Philosophically, this art movement is about rejecting the commercialization of art-making while enthusiastically embracing ecological concerns. The projects also, in some instances, dismiss the complex artificiality of urban living and endorse the simplicity of bucolic lifestyles. From its start, earth art has been about connecting viewers to a spiritual zeitgeist, a vision of the Earth as a precious home planet for humankind.
In addition, there was (and is) a visceral rejection of the disengagement encouraged by modernism from social (and later environmental) issues, ideas spearheaded by ubercritic Clement Greenberg and his followers. Many involved with earth art have been inspired by minimalism and conceptual art. For example, Isamu Noguchi’s early and late work were influences.
Perhaps the best-known example of earth art is by American artist Robert Smithson. It is the Spiral Jetty (1970), where Smithson arranged rock, earth, and algae to form a long (1500 ft) spiral-shaped jetty that protrudes into Great Salt Lake in northern Utah. The work is best seen from above in a plane. It should be noted that much of the visibility of the piece depends on the fluctuating water levels of the Great Salt Lake.
Along with Smithson, other artists in the movement include Walter De Maria, Carl Andre, Maya Lin, Jan Dibbets, Chris Drury, Hans Haacke, Michael Heizer, Neil Jenney, Nancy Holt, Alice Aycock, David Medalla, Robert Morris, Dennis Oppenheim, Andrew Rogers, James Turrell, and Günther Uecker. Gordon Matta-Clark (recently written about in Arts Fuse) is very urban-oriented, but he could be included on this list as well. Alan Sonfist brought historical nature and sustainable art to primarily urban settings around the world. In 2012-13, he created a piece for the deCordova Sculpture Park and Museum: The Endangered Species of New England.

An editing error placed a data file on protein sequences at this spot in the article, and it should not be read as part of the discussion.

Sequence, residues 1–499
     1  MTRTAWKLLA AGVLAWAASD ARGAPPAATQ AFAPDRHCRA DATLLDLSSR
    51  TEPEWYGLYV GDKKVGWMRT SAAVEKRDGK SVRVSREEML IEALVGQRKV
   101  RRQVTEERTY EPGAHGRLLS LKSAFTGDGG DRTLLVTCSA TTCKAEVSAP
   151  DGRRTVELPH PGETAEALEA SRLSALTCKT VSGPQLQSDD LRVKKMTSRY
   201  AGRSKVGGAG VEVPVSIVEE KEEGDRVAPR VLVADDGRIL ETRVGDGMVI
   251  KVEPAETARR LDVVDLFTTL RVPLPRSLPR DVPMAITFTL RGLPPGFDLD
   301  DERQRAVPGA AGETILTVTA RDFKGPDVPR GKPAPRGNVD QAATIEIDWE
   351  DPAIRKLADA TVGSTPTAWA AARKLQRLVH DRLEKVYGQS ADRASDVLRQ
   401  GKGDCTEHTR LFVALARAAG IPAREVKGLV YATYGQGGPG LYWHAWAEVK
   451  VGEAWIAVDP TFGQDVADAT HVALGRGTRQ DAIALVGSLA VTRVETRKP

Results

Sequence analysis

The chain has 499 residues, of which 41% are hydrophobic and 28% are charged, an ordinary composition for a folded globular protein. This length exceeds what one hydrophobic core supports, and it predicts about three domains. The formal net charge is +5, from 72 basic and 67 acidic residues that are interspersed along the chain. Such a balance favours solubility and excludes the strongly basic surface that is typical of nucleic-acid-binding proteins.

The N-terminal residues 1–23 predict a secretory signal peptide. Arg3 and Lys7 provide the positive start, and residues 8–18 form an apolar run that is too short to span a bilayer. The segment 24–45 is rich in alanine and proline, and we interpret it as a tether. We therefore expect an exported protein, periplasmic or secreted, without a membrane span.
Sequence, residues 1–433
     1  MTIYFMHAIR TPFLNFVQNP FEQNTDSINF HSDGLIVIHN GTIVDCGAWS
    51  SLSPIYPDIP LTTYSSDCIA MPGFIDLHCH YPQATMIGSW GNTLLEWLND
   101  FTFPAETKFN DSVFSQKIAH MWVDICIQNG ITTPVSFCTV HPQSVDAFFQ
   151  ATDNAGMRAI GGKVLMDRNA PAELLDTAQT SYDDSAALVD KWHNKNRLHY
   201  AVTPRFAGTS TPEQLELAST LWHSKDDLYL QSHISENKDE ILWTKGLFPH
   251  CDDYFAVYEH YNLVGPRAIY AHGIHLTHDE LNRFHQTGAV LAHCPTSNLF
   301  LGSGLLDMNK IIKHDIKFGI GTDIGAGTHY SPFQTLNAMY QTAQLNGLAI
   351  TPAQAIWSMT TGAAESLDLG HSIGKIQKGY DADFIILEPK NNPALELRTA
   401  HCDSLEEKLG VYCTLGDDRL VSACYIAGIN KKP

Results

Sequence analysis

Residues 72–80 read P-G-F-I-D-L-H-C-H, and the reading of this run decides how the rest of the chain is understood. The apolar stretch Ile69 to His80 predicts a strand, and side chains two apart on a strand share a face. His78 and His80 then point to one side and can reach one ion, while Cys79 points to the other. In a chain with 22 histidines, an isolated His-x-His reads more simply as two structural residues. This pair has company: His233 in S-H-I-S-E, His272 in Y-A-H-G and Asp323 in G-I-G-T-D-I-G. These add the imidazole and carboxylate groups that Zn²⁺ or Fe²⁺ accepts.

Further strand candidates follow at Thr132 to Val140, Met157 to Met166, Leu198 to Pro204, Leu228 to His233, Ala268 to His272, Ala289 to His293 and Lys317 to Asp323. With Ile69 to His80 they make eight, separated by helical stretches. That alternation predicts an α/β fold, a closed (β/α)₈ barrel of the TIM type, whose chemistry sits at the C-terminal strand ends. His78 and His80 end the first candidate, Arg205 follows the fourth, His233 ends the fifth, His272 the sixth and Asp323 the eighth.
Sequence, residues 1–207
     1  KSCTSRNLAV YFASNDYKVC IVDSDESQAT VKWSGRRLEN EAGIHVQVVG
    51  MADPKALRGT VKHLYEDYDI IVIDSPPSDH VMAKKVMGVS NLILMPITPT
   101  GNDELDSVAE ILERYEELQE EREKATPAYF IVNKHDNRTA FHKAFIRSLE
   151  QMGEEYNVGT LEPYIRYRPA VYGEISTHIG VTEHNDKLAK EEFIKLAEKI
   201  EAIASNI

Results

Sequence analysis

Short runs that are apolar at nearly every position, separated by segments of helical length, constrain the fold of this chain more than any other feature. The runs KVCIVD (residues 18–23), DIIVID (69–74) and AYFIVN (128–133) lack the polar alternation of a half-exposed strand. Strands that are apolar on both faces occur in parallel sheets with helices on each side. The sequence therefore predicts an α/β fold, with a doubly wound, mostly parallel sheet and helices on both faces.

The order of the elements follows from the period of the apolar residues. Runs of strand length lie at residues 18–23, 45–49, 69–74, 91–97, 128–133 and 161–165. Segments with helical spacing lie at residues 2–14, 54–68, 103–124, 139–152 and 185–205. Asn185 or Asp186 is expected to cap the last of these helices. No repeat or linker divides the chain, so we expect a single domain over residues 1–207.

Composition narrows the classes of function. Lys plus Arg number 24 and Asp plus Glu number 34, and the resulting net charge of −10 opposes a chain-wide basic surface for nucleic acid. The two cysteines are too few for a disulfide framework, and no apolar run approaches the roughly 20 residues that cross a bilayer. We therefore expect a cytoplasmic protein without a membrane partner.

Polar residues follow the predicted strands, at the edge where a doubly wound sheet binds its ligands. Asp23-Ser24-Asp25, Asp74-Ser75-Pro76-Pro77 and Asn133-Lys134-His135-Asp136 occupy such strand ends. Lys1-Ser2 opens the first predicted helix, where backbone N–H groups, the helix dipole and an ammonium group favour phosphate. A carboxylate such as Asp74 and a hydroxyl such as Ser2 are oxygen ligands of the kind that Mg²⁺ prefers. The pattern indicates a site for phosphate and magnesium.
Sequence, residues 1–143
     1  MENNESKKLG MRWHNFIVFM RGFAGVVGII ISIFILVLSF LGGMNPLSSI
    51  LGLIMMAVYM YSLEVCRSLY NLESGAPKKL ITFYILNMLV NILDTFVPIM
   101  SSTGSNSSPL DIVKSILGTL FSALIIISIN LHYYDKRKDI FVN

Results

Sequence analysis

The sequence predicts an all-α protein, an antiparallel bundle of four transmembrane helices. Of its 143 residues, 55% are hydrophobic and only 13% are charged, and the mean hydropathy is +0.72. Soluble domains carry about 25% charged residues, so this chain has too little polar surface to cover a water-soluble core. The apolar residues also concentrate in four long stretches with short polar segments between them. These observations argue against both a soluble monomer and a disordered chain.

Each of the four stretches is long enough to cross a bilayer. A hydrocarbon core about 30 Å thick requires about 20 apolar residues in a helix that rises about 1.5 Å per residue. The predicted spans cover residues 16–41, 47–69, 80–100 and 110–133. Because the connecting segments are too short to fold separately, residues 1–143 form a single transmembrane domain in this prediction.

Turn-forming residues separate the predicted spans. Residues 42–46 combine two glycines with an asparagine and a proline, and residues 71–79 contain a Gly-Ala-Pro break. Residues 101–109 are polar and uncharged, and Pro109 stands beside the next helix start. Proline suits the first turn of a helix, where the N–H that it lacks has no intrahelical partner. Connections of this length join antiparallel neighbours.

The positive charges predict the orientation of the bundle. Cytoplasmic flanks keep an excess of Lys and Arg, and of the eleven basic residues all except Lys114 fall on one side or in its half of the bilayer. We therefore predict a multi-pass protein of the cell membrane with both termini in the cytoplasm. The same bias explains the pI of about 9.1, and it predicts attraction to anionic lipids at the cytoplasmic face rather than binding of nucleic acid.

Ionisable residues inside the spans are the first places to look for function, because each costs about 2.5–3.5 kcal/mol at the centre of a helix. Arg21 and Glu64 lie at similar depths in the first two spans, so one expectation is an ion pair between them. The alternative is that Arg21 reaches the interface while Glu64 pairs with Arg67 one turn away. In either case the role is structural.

“When a project like Watershed is finished, that’s the beginning of its life. The life that my sculptures have are so dependent on people — not as an audience, but as part of the work. Without people being in there to activate the space, it will not work,” notes Goldsworthy.
With the advent of heavy rain, the water that flows across deCordova’s paved upper lot is collected and channeled underground, eventually streaming from the spout built into Watershed’s back wall. The result is that visible form is given to the usually unremarkable course of groundwater as it moves across hard surfaces. Thus the artwork, which will evolve over time, illustrates both the impermanence of and the enduring effects of water.
Goldsworthy is an artist who uses nature to create poetry. A stunning addition to the offerings at the deCordova Sculpture Park and Museum, Watershed is a structure of mysterious simplicity. The building welcomes the random forces of nature while underscoring our connection to the environment. It is a small edifice that records the beauty created by loss and regeneration.
An urban designer and public artist, Mark Favermann has been deeply involved in branding, enhancing, and making more accessible parts of cities, sports venues, and key institutions. Also an award-winning public artist, he creates functional public art as civic design. Mark created the Looks of the 1996 Centennial Olympic Games in Atlanta, the 1999 Ryder Cup Matches in Brookline, MA, and the 2000 NCAA Final Four in Indianapolis. The designer of the renovated Coolidge Corner Theatre, he is design consultant to the Massachusetts Downtown Initiative Program. Since 2002, Mark has been a design consultant to the Red Sox. Mark is Associate Editor of Arts Fuse.